WASHINGTON (AP) -- Another solid month of hiring in the United States is expected to be reported Friday, an outcome that would suggest no recession is near but could make it harder for the Federal Reserve to succeed in its drive to cool the economy and curb high inflation.
Employers are forecast to have added 205,000 jobs in June, according to economists surveyed by data provider FactSet. Though below recent monthly gains, that would amount to a healthy increase and reflect a historically high number of advertised job openings.
A continuation of robust hiring would underscore the economy's surprising resilience at a time when the Fed has jacked up its key interest rate by a sizable 5 percentage points -- the fastest pace of rate hikes in four decades. Those increases have made mortgages, auto loans and other forms of borrowing significantly more expensive. Yet consumers are still increasing their spending, if modestly, providing the incentive for some companies to keep hiring and expanding.
Economists have projected that the unemployment rate dipped last month from 3.7% to 3.6%, near the lowest level in five decades.
Even a modest job gain for June would virtually cement the likelihood that the Fed will resume its rate hikes when it next meets later this month. Before pausing last month, the central bank had boosted its benchmark rate 10 straight times. Chair Jerome Powell said then that the Fed had skipped a rate hike so policymakers could take stock of what impact sharply higher borrowing costs have had on the economy.
When they met in June, the Fed's policymakers indicated that they envisioned as many as two additional quarter-point rate hikes before year's end. Previously, Fed watchers had expected the officials to signal just one more rate increase this year. Their updated projections reflected the belief of many Fed officials that they need to do more to conquer inflation, which is down sharply from its peak, but at 4% is still well above the Fed's 2% target.
On Thursday, Lorie Logan, president of the Federal Reserve Bank of Dallas, suggested that persistently high inflation and "a stronger-than expected labor market" mean that borrowing costs will need to go still higher.
"I remain very concerned about whether inflation will return to target in a sustainable and timely way," Logan said in remarks at a central banking conference in New York. "And I think more-restrictive monetary policy will be needed."
Other Fed officials are looking for signs of what they describe as better balance in the job market, by which they mean the supply and demand for workers would become more equal. After the economy emerged from the pandemic, the number of available jobs surged above 10 million -- the highest level on record. That burgeoning demand for labor coincided with millions of Americans dropping out of the workforce to retire, avoid COVID, care for relatives or prepare for new careers.
With companies struggling to fill numerous openings, many offered sharply higher pay and better benefits to attract or keep employees. Fed officials still worry that rising pay levels will keep inflation chronically elevated once companies pass on their growing labor costs by raising prices.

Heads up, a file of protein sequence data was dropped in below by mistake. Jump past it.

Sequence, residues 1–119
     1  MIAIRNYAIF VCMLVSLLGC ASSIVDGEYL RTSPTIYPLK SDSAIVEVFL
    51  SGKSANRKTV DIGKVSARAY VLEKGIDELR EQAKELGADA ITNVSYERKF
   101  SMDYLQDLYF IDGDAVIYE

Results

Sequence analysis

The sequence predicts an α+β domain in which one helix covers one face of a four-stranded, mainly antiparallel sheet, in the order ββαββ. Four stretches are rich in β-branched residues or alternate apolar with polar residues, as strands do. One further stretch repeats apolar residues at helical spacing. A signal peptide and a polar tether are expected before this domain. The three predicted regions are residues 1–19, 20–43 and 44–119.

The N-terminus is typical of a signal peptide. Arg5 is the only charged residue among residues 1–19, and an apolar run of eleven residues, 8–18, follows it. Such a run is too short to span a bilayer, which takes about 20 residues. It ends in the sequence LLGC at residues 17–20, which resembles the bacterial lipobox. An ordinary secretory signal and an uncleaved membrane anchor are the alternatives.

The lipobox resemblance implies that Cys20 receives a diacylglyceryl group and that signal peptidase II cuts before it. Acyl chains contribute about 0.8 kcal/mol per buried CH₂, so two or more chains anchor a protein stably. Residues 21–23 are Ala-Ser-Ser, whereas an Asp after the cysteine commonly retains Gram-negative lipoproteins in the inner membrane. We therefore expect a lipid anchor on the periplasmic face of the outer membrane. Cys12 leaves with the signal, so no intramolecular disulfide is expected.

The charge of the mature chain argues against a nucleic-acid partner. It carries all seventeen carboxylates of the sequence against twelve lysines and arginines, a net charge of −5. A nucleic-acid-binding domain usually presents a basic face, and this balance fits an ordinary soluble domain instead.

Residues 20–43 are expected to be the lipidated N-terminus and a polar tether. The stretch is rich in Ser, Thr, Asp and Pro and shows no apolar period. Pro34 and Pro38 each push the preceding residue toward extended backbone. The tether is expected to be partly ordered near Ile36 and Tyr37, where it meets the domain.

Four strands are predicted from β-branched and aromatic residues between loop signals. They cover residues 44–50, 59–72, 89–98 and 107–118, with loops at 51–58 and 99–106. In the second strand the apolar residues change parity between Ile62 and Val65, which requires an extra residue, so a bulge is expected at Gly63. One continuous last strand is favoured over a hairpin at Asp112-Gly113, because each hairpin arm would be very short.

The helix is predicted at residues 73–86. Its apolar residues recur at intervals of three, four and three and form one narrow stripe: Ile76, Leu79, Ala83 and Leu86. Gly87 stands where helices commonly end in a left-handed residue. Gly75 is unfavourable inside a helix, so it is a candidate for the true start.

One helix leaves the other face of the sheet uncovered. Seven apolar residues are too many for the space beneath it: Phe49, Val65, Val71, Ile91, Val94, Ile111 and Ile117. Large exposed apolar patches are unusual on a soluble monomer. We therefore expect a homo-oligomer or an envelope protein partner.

There has been some progress toward a better alignment of supply and demand: About 2 million people have started looking for work in the past seven months, and most of them have found jobs. As the supply of workers has improved, businesses say they are seeing more people apply for open positions. And the number of job openings dropped in May, a sign that demand for workers is gradually cooling, though it remains higher than in pre-pandemic times.
In another sign of a potential slowdown in the job market, fewer Americans are quitting their jobs to search for new positions. Quits had soared after the pandemic. Millions of Americans had sought more meaningful or better-paying jobs, stoking the pressure on companies to raise pay to keep their employees. In May, about 4 million Americans left their jobs, up from April's figure but below a peak of 4.5 million reached last year.
"As economic uncertainty has been growing, workers are a little less eager to switch jobs, which might indicate that the labor market will slow down," said Luke Pardue, an economist at Gusto, which makes payroll software for small- and medium-sized businesses.
Still, other recent reports suggest that the economy has continued to expand and that demand for workers remains high. On Thursday, a survey of service providers -- including banks, restaurants and shipping companies -- found that the sector expanded at a healthy clip in June and that services companies accelerated their hiring compared with May.
Also on Thursday, the payroll provider ADP reported an explosive increase in hiring by private employers in June -- 497,000 added jobs. ADP's hiring figures, though, often diverge from the government's official data.
"Time and time again, economists and analysts have expected a strong slowdown to appear in the jobs numbers, which just hasn't materialized over the past six months," Pardue said. "Despite a lot of calls for a recession in the near term, the job market remains surprisingly resilient."